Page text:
The reason we find out is because when searching for the type of property you are looking for, we email requests to other agents and find out we are looking for properties for the same buyer. If I find myself in this “multiple real estate agent” situation, I choose not to be a part of it.

Loyalty goes both ways. I personally don’t have time to waste with a client who is not loyal to me. Be loyal and respectful as a buyer and choose one real estate agent, not five (especially in the same town!). Of course if you work with an agent and decide she or he is not a match for you, or you are not satisfied with the service to you, then feel free to switch.

Alberto Font/The Tico Times

8. Don’t bypass the agent

If an agent shows you property and you choose to buy that property by bypassing the agent, they will find out about it. In most cases, agents register a client when showing a property to protect commission. I have personally had a situation where I showed a property to clients, they bought directly with the developer, and I not only found out about it, but was also compensated.

9. We’re not used car salesmen

People who compare real estate agents to sleazy used car salesmen or don’t see the value of using a professional real estate agent have obviously not worked with the right people and did not do their homework when choosing with whom to work. Do your homework! The Internet is an amazing tool where you can find out the good, the bad, and the ugly about anyone. The days of every taxi driver and tour guide being a real estate agent are long gone.

10. It’s not easy

Being an agent in Costa Rica is 100 times more difficult than being one in the United States. I know because I was one and still hold an active Florida license. Without a true MLS, networking is key. In order to locate that perfect property, there is a lot of back and forth with phone calls and emails. Despite what you think, we’re actually working our tails off.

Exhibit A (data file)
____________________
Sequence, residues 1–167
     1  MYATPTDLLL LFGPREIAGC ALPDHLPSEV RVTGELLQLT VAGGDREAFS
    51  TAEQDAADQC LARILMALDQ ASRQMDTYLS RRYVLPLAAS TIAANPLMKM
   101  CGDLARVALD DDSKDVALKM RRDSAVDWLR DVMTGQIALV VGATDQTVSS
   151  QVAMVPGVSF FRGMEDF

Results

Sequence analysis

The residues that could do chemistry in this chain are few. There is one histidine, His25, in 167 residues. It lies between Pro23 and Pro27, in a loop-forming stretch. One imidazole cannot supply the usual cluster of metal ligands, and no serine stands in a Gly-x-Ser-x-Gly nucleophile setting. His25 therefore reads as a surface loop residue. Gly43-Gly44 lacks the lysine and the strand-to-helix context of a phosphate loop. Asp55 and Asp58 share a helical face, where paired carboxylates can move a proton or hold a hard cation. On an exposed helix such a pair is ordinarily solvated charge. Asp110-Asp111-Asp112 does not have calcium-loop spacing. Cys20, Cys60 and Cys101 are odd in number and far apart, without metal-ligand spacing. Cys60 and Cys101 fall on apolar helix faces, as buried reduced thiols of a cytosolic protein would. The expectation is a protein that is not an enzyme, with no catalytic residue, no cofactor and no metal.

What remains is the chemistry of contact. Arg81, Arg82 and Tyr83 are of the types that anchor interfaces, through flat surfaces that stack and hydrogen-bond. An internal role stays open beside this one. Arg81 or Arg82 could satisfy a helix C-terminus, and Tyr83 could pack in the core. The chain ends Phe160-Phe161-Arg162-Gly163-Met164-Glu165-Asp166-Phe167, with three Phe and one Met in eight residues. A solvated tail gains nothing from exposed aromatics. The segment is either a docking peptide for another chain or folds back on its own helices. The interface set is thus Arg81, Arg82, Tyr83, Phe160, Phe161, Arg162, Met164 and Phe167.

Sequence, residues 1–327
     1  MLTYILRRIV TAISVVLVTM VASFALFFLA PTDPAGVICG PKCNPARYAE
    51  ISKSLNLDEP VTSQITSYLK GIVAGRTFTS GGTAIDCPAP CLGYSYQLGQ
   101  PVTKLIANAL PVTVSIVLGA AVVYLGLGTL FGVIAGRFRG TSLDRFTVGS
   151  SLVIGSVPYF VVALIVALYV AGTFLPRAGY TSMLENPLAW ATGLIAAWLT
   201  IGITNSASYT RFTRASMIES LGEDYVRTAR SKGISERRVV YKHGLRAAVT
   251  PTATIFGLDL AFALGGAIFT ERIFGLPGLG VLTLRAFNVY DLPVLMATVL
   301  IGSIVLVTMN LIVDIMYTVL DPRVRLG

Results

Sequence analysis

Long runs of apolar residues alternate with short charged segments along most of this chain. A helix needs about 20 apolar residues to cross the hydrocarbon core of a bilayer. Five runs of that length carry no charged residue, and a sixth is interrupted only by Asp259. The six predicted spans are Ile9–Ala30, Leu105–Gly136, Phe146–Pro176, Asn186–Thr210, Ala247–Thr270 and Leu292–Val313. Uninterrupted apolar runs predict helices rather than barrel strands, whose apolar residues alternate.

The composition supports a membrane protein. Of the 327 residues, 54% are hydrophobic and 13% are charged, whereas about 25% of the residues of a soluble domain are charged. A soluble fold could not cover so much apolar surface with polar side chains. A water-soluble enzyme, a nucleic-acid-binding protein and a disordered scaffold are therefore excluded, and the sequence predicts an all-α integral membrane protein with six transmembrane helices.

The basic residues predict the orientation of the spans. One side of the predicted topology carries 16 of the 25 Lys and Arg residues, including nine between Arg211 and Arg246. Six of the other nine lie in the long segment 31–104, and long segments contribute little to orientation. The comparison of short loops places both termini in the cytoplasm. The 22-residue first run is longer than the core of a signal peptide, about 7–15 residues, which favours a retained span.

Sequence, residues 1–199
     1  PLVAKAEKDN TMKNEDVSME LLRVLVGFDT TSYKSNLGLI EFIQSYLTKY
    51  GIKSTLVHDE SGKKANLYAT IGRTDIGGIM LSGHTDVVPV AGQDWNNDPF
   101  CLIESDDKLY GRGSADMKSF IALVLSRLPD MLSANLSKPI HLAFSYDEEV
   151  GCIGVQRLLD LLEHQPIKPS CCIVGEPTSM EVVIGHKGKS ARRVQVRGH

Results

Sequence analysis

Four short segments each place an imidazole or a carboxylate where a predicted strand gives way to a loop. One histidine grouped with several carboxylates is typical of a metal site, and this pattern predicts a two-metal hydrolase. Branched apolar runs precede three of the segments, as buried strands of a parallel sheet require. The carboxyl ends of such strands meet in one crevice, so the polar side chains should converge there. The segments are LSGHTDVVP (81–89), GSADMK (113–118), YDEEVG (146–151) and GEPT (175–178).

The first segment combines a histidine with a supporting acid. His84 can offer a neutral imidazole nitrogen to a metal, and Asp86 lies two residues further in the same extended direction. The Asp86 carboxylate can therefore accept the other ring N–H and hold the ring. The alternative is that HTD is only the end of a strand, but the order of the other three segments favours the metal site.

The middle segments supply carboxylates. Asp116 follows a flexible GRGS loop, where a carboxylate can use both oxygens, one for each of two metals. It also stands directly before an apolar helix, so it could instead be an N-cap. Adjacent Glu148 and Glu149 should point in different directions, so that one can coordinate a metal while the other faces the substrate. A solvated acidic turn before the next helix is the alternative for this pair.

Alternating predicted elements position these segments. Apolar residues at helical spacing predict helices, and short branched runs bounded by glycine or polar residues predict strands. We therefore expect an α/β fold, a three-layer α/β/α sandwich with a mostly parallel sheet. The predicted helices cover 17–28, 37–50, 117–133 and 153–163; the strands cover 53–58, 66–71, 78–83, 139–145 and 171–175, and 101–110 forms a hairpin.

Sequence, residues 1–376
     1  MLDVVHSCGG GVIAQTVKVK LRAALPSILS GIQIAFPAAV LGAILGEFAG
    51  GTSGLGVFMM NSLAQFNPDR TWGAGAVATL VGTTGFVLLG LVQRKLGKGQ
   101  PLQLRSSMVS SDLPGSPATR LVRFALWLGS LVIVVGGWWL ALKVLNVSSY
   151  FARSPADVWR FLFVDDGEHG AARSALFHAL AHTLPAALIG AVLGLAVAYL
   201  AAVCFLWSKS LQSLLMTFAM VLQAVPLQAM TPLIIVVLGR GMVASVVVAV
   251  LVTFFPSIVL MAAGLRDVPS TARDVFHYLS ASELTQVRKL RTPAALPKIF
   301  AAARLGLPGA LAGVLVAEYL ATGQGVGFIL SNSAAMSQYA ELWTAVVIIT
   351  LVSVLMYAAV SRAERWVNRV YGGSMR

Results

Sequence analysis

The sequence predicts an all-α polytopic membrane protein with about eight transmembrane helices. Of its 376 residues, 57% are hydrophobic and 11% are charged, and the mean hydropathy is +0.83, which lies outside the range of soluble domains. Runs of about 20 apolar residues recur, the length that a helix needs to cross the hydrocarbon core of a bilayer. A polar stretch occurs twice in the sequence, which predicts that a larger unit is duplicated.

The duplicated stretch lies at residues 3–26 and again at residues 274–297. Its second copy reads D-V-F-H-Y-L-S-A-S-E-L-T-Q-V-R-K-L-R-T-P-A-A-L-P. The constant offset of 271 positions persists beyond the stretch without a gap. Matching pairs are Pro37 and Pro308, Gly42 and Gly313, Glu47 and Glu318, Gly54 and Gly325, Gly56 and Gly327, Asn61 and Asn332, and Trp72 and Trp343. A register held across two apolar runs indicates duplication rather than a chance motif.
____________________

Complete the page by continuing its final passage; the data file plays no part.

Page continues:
11. Do the math

Finally, if you want to meet with a real estate agent and decide to stay at a hotel one to two hours away from the office, it’s your responsibility to get to us. I find it funny that I have had clients that expect me to drive to pick them up, bring them back to my office area, show properties in my area, and return them back to their hotel. If you do the math, that is four hours of driving just for picking up and dropping off the client.

That doesn’t even include the hours of looking at properties. I figure if you are serious about buying, then you would arrange your own transportation to the area, whether by taxi or rental car. From there, I am happy to tour the surrounding beach areas that I service and cover.

Rebecca Clower was born in Chicago, grew up in Buffalo, New York, and graduated from Arizona State University. Rebecca is fluent in Spanish thanks to her mother, who is Tica.

Rebecca is a licensed real estate agent (Florida), vice president of the Costa Rica Global Association of Realtors (CRGAR), the National Association of Realtors (NAR), a Certified International Property Specialist (CIPS), an international investor, and legal permanent resident of Costa Rica. She is currently the broker/owner of Blue Water Properties and Blue Water Adventures in Guanacaste.